The Air Force Times reports on the Exceptional Family Member Program:
EFMP, though, has major shortcomings, according to an Air Force inspector general report. The investigation, prompted by a complaint on behalf of 16 families, found installations do not have a full-time designated special-needs coordinator, installations are not providing access to special education services at new duty stations and the Air Force lags behind the other services in its support of families with special-needs children.
“The current level of support to these families is not consistent with the Air Force’s No. 2 priority: Develop Airmen and Take Care of Their Families,” concluded the investigating officer, a major whose name was redacted in public copies.
In response to the report, the Air Force said it intends to add full-time coordinators at 35 bases stateside who will help link families with information on medical, educational and social services, according to a service official who helps oversee the program. The plan, set to be put in motion in fiscal 2012, still needs the approval of Air Force Secretary Michael Donley.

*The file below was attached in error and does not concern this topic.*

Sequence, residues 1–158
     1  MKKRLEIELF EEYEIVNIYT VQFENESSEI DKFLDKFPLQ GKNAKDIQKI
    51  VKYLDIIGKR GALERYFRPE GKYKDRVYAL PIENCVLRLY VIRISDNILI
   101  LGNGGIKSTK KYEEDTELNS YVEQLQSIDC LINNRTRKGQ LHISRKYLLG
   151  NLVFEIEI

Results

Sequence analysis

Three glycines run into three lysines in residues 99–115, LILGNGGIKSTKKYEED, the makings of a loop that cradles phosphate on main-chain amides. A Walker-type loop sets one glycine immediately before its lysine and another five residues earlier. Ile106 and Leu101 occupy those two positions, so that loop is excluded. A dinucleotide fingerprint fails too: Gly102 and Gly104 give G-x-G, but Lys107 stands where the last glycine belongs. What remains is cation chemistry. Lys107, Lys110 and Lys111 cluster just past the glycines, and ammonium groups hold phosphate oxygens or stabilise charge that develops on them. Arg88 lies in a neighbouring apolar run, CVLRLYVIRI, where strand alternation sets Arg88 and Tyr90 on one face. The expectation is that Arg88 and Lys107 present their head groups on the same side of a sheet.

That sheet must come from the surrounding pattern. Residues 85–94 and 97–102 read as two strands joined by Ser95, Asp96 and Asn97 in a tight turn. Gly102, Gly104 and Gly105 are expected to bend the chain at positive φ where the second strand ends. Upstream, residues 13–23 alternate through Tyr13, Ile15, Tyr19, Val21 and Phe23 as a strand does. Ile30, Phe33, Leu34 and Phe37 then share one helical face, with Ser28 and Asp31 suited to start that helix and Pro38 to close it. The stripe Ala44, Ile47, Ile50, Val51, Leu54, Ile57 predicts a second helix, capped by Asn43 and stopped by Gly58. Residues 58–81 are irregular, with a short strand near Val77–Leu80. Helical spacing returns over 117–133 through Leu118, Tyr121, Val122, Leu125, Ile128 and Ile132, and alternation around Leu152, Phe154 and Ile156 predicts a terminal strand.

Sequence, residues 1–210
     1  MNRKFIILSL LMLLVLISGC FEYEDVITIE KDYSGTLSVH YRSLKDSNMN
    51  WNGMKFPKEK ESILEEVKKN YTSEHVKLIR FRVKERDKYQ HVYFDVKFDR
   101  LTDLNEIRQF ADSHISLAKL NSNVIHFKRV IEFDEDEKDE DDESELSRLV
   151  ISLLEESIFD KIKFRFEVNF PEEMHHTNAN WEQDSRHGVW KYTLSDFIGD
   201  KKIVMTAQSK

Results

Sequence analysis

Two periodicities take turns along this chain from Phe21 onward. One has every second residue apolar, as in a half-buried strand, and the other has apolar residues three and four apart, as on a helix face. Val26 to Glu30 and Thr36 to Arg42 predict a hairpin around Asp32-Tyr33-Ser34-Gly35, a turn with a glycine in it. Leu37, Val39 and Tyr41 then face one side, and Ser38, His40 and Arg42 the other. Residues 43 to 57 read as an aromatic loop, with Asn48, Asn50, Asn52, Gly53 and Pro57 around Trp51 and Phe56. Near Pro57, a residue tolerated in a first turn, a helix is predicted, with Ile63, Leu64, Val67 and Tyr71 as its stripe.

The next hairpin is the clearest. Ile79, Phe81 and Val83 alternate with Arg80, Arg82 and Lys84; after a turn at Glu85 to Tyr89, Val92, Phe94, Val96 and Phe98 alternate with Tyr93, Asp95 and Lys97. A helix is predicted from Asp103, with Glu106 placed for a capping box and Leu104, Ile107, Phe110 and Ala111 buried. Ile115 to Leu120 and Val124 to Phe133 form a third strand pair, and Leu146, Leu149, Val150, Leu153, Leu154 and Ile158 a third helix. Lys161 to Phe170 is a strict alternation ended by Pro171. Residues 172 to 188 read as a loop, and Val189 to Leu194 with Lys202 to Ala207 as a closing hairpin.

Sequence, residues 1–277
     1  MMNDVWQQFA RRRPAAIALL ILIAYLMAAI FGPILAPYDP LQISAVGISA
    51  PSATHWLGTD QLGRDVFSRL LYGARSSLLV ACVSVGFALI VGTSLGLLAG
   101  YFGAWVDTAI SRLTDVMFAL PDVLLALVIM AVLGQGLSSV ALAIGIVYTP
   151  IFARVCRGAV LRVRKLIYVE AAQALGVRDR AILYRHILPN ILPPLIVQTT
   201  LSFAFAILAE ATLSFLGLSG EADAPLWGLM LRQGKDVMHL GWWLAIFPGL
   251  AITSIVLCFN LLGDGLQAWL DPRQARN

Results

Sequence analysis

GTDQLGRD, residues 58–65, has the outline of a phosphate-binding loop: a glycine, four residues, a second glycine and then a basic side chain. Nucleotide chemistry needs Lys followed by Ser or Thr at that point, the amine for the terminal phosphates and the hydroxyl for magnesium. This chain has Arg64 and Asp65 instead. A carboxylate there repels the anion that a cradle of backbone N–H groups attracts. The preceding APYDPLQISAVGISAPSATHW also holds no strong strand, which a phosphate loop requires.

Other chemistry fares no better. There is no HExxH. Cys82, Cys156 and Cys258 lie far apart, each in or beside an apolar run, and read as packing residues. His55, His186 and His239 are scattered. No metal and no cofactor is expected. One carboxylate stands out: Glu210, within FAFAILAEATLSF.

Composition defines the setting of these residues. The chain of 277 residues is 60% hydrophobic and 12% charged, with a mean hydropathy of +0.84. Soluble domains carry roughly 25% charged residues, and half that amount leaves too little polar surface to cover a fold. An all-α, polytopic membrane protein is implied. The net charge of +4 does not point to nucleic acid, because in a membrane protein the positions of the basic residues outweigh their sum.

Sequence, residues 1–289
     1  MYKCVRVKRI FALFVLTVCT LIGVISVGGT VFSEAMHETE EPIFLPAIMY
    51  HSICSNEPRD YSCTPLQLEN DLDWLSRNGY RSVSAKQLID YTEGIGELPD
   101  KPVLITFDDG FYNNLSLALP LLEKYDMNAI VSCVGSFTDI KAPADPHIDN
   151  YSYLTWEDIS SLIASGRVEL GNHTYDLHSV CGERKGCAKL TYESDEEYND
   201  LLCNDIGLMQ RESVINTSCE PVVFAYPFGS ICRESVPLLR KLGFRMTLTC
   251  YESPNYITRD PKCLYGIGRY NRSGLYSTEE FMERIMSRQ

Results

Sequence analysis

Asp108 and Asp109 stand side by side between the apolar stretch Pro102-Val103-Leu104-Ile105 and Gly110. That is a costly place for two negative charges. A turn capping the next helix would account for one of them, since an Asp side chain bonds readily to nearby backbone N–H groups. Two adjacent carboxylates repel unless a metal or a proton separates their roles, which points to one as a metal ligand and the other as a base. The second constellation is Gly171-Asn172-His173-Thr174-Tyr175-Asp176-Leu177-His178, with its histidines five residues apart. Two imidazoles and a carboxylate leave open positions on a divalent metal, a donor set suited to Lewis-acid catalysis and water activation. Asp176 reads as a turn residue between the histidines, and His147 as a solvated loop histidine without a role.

“We hear the people, and we’re going in a direction their needs dictate,” said Linda Stephens-Jones, assistant deputy for family programs.
Lawmakers, too, are paying more attention to special-needs families. The House version of the fiscal 2011 defense bill calls for the Government Accountability Office to monitor the military’s handling of special-needs families.
The oversight came in the form of an amendment introduced by Rep. Cathy McMorris Rodgers, R-Wash., who is married to a retired Navy officer and has a son with Down syndrome.
“When a person joins the military, it’s not just the individual who joins,” said Rodgers, who is co-chair of the Congressional Military Family Caucus. “It’s also their family.”